It appears that the end is not in sight for layoffs at the University of Arkansas for Medical Science, said to target approximately 45 tenured and tenure-track faculty members in addition to the elimination of 600 positions, a combination of unfilled positions and a layoff affecting 258 employees.
Dear UAMS Family,
As I said in our December Town Hall meeting, we must cut in excess of $30 million in expenses this current fiscal year to comply with our budget as approved by the University of Arkansas Board of Trustees. UAMS has had financial challenges for many years and we have always made up for any shortfall by using our reserve funds. However, we are depleting our resources and we cannot continue to do that and sustain UAMS into the future.
Over the last several weeks, UAMS leadership has been conducting a comprehensive review of all areas of UAMS to identify cost savings and make adjustments. However, personnel is our largest expense and we have come to the extremely painful realization that we can’t meet our budget without also eliminating jobs. We have no choice but to reduce our workforce by almost 600 positions. We have made every effort to cut unfilled positions where possible, but 258 of the affected positions are currently occupied. The employees whose jobs are being eliminated are being notified today. Human Resources representatives will also be reaching out to them to provide services to assist them in finding other jobs.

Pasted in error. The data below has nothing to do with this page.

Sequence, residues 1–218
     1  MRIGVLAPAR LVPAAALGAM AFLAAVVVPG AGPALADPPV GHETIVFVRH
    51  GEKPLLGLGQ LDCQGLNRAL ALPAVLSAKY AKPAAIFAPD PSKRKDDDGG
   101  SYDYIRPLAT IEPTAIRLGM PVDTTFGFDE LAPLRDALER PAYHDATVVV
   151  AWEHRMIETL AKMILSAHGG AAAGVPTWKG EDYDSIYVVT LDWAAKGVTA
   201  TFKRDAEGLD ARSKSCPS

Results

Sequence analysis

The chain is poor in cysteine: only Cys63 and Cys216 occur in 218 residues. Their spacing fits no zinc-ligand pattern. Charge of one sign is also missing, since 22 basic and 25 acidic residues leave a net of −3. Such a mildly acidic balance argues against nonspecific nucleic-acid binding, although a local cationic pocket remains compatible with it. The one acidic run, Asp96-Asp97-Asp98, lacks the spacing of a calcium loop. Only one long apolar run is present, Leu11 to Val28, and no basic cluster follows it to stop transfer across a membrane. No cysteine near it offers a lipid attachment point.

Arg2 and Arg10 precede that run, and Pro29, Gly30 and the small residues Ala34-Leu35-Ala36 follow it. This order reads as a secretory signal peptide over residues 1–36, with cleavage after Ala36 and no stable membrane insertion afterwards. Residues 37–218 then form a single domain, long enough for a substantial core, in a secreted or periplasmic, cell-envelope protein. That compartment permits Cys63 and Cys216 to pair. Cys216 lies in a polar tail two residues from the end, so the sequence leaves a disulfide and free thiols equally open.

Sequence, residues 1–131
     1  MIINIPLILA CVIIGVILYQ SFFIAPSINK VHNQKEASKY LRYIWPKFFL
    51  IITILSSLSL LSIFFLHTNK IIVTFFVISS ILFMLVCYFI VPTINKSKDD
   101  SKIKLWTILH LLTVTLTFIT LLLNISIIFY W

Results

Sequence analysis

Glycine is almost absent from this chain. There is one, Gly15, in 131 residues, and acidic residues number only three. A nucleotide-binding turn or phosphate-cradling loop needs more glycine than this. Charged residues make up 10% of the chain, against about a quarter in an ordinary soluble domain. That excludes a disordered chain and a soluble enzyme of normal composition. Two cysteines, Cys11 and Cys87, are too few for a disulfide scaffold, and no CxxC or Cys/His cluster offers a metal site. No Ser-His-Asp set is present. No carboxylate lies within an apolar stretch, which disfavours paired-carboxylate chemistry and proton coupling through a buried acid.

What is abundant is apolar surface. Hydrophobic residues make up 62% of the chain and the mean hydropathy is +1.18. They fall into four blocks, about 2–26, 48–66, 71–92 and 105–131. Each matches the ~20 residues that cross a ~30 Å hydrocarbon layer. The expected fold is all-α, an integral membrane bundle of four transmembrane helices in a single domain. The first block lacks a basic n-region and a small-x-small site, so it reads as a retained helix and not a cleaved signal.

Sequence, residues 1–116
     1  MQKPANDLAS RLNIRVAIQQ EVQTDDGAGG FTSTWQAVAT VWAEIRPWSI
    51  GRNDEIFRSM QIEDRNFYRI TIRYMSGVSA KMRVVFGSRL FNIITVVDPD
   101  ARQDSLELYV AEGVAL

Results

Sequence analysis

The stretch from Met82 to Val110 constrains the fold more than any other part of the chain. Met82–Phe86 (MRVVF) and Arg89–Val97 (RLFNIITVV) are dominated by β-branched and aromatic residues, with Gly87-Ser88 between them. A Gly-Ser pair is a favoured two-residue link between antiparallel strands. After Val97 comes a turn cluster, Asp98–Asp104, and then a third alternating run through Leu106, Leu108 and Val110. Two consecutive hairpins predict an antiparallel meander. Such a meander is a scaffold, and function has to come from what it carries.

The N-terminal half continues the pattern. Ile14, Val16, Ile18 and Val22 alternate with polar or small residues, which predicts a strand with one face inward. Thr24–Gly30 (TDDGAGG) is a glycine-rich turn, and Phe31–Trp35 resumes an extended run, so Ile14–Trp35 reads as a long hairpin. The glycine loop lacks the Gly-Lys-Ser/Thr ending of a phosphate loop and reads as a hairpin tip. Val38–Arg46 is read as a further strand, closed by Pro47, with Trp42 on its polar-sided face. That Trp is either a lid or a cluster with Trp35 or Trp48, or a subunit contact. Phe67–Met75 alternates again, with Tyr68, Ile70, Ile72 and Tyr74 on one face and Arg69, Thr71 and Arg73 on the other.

I have been at UAMS for more than 26 years. This is an extremely sad day and the first major reduction in force that I can remember. This is not an action that anyone is taking lightly and it is not being undertaken because of performance issues but simply because we do not have the money to fund everything we have in the past. We must all support each other and especially those colleagues who are leaving us. We are very grateful to them for their many years of service to UAMS and our state.
Stephanie Gardner, Pharm. D., Ed.D.
The proximate cause of the layoffs given by management is a $30 million shortfall in the UAMS $1.5 billion budget. Ironically, nothing is being said about senior management whose lavish salaries, perks, and privileges seem excessive; especially the Dean of Medicine who is reputedly paid $600,000 while being allowed to work abroad for months in Sweden.
No reason was given for the shortfall.